Although some kittens may show fear and defensive postures toward other pets in the home, most young kittens are playful and inquisitive around other animals. Therefore, it is often the existing pets that can pose more of a problem. If you know or suspect that your adult dog or cat might be aggressive toward the kitten, then you should seek professional behavior advice before introducing the pets to each other.
The kitten should be given a safe and secure area that provides for all of its needs and introductions with the existing family pets should be carefully supervised. At the first introduction there may be no immediate problems, and reinforcement of desirable responses may be all that is required.
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What Is The Best Way To Introduce My New Kitten To My Home
A new home with new sights, new sounds, and new smells can be a scary place for a young kitten, but there are things you can do to make the transition easier. Your new kitten likely left behind a loving mother, playful siblings, and a familiar environment, so he needs a little special care when being introduced to his new surroundings and new family.
Your kitty needs to feel comfortable with you as soon as possible, so start your relationship by interacting with him on his own turf where he feels safe and secure. Spend time playing and cuddling him before taking him away from his familiar environment. Bring home the comforting scent of his current home by petting his mother and siblings if they are present. Better yet, bring along a towel and rub his family members or even the inside of his kennel to carry these old scents to your kittys new home. Familiar smells warm the heart and steady the nerves.
The ride home should be as pleasant as possible. Place the scented towel in a cat carrier and gently place your kitten inside. If he resists, remove the top of the carrier rather than nudging him through the door. Cats prefer cozy spots so they usually like being in a carrier. By encouraging your kitten to ride within the confines of a carrier, you are providing safety and security, as well as starting a good routine that you can maintain for future car rides.
Staying home alone
Preventing problems before they start
Pet’s Teach Us A Lot About Love And Loss
Part of having pets is saying goodbye to them. The sad fact is, dogs and cats do not live as long as humans. When I look back at the stages of my life, I think of the companions I had with me. It’s hard saying goodbye, but the joy they bring to my life is worth that pain of letting them go.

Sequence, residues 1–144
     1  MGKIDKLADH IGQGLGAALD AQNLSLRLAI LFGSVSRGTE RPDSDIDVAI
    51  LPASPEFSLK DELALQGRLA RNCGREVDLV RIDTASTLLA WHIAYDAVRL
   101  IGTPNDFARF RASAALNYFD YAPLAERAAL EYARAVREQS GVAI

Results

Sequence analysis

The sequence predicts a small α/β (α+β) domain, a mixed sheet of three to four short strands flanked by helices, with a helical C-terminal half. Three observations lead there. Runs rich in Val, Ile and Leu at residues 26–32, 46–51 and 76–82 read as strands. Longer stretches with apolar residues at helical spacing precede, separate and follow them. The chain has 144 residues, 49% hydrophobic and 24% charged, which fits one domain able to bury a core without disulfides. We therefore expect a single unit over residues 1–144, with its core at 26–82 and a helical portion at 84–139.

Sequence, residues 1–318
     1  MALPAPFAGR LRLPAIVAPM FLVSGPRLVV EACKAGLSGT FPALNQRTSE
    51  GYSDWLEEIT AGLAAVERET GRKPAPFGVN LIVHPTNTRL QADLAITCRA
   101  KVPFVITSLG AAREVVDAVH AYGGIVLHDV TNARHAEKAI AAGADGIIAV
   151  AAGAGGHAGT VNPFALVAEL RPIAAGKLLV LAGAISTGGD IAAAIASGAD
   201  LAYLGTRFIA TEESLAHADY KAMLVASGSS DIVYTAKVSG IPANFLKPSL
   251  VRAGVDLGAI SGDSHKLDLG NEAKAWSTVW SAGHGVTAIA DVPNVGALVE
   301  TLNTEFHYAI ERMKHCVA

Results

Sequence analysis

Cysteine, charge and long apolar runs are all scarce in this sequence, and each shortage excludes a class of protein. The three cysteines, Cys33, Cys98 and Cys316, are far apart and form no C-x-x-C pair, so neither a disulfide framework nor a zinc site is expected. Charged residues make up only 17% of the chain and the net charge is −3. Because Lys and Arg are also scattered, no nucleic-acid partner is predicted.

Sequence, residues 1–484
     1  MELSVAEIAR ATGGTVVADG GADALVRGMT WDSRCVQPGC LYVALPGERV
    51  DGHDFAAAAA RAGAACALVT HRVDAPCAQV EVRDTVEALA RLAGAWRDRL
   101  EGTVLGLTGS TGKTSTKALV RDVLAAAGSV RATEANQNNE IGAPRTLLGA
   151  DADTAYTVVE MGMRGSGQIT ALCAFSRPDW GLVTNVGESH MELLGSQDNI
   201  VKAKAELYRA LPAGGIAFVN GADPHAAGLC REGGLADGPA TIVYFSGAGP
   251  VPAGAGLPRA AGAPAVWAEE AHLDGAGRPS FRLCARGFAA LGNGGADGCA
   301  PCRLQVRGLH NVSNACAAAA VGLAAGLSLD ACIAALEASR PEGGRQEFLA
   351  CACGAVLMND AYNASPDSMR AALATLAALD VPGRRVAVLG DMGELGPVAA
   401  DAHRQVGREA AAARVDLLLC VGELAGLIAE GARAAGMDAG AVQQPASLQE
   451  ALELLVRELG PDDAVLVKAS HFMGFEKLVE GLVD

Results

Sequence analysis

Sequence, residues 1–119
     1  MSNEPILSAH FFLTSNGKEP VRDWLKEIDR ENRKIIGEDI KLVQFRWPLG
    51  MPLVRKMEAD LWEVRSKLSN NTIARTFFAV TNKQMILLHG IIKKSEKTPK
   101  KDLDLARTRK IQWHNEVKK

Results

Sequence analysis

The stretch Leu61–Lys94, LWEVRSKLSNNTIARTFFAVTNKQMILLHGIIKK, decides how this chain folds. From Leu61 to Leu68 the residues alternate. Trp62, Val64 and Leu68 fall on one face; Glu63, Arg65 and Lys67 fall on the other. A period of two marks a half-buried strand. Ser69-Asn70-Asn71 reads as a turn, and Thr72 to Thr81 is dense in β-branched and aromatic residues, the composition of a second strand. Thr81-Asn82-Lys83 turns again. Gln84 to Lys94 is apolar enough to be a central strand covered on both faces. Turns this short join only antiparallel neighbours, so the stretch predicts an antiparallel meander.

The flip side of that is, when I lose a pet, it’s usually not too long before I find another animal that needs my love and care. Introducing new pets to the existing members of my household is an ongoing process. They are all special in their own unique way, and they all add something to our lives that nobody else could.
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Provide The Cats Separate Space At First
Keep your new kitten in a separate room from your resident cat. That way, they can begin getting used to each other’s scent without having to confront each other face-to-face. Then after a few days, put the kitten in a carrier or a room with a screen door so they can see and smell each other from a safe space. Don’t worry if your older cat hisses and yowls and runs away . Eventually curiosity will win out and your cat will slowly approach the kitten again.
How Do I Ensure That My Cat Is Well Socialized
The prime socialization period for cats occurs between two and twelve weeks of age, so much of the cats socialization will have taken place while he is still with his mother and siblings. During that time, the kitten is very impressionable. If he has good experiences with people, dogs, or other cats, he will likely continue to accept them. If he has no experience at all, or unpleasant experiences with any of them, he may become apprehensive or adverse to them. Therefore, during the period of socialization, we encourage you to expose your cat to as many types of social situations and influences as possible. Use positive reinforcement and make your kitty feel secure during the introduction of any new experience.
With a little work and patience, you will quickly become your new kittys best friend and hopefully, you will gain a great friend, too.
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Add A Comment To Grace’s Experience
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Hello Betheny,I suggest a trip to your vet. While stress may cause some dogs not to eat, the other symptoms indicate that there is likely something medical going on also. – I am not a Vet.If your dog doesn’t feel well he won’t feel up to being around the new cat, which would make him not want to interact. There may have been something going on before the cat and it’s just gotten worse lately.First, rule out any medical conditions with your vet. Don’t force the animals together right now. Reward your dog whenever the cat is present in the room and your dog stays calm, and keep the kitten from pestering your dog – let them learn how to simply calmly coexist. Keep the kitten in another room when you cannot supervise the kitten around your dog.For right now I suggest visiting your vet and keeping the animals apart. If something medical is ruled out, then you can also try the suggestions I mentioned above to decrease stress and let them warm up to each other gradually. Until your dog is well though I wouldn’t push any interactions.Best of luck training,Caitlin Crittenden